As the colder months start settling in, we may often find ourselves looking forward to snuggling up in a warm bed. Many of us will crawl into a seemingly ice cold bed that will warm up while we stay bundled up in it. But those of us with electric blankets can simply preheat our beds like an oven and crawl in for immediate toastiness. There are more than 25 million bed warmers in use in the United States, and with good reason. In particularly cold climates, they can be invaluable, but they also feature some bonus benefits.
Richard Zimmerer of the Electric Blanket Institute compiled a list of facts and statistics regarding all things electric blankets. He also explains that current generation blankets do not get as hot as their predecessors, which are the culprits for many house fires. “. . . since the late 1980s, electric bedding was designed to be used all night long at a low wattage,” Zimmerer says. This low wattage use would keep the user warm all night long, while expending less energy than running the heat for the same amount of time. The lower wattage also greatly lowers the risk of fire. Current generation blankets have evolved with the times, allowing each side of the bed to set their own preferred temperature, styles have been updated, and the fabrics are more comfortable.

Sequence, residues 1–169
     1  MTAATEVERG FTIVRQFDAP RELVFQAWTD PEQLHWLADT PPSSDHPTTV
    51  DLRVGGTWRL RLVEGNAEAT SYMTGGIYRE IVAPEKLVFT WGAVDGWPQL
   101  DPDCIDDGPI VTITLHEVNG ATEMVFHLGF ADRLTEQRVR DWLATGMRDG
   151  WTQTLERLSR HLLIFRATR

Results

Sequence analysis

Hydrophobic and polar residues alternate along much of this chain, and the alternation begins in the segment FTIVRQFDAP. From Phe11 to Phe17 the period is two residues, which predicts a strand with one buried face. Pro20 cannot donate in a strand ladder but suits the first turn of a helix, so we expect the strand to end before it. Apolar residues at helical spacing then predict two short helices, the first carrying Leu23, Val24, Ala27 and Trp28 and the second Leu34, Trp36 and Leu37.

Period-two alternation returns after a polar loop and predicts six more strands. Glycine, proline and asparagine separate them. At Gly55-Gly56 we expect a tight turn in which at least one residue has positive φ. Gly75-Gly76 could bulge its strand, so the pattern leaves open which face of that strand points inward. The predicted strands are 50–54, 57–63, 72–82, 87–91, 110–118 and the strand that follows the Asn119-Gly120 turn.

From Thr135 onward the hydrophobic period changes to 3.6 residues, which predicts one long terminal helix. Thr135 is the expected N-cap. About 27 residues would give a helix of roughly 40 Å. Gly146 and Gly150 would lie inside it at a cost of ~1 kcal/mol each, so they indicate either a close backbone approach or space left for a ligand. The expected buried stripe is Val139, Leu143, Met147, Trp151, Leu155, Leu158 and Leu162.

In addition to the money saving aspect, heated blankets are lighter than comforters and heavy, thick blankets, making them more comfortable. The level of warmth can also be directly adjusted. No more piles of blankets on the floor! They also provide relief for many aches and pains, including muscle problems, arthritis, and fibromyalgia. According to Zimmerer’s site, electric blankets also help alleviate allergies and sinus problems.
It is important to choose an electric blanket that suits your needs. An over-sized blanket that drapes over the bed will be a waste of electricity. Control systems for these blankets also vary. They can be anything from an analog dial, to a digital readout. People with poor eyesight need large displayed numbers to ensure they set the proper temperature. Those with dexterity issues may require an easy to turn knob or a light touch keypad to operate the controls. Diabetic people are discouraged from using them as they tend to lose feeling in their legs, which could result in burns. Young children should not use them either, to prevent burns.
Above all, use caution when using an electric blanket or other heating device. Pay attention to the level of heat they are emitting and adjust them to provide enough warmth to be comfortable, but not so much so as to pose a fire or burn hazard.
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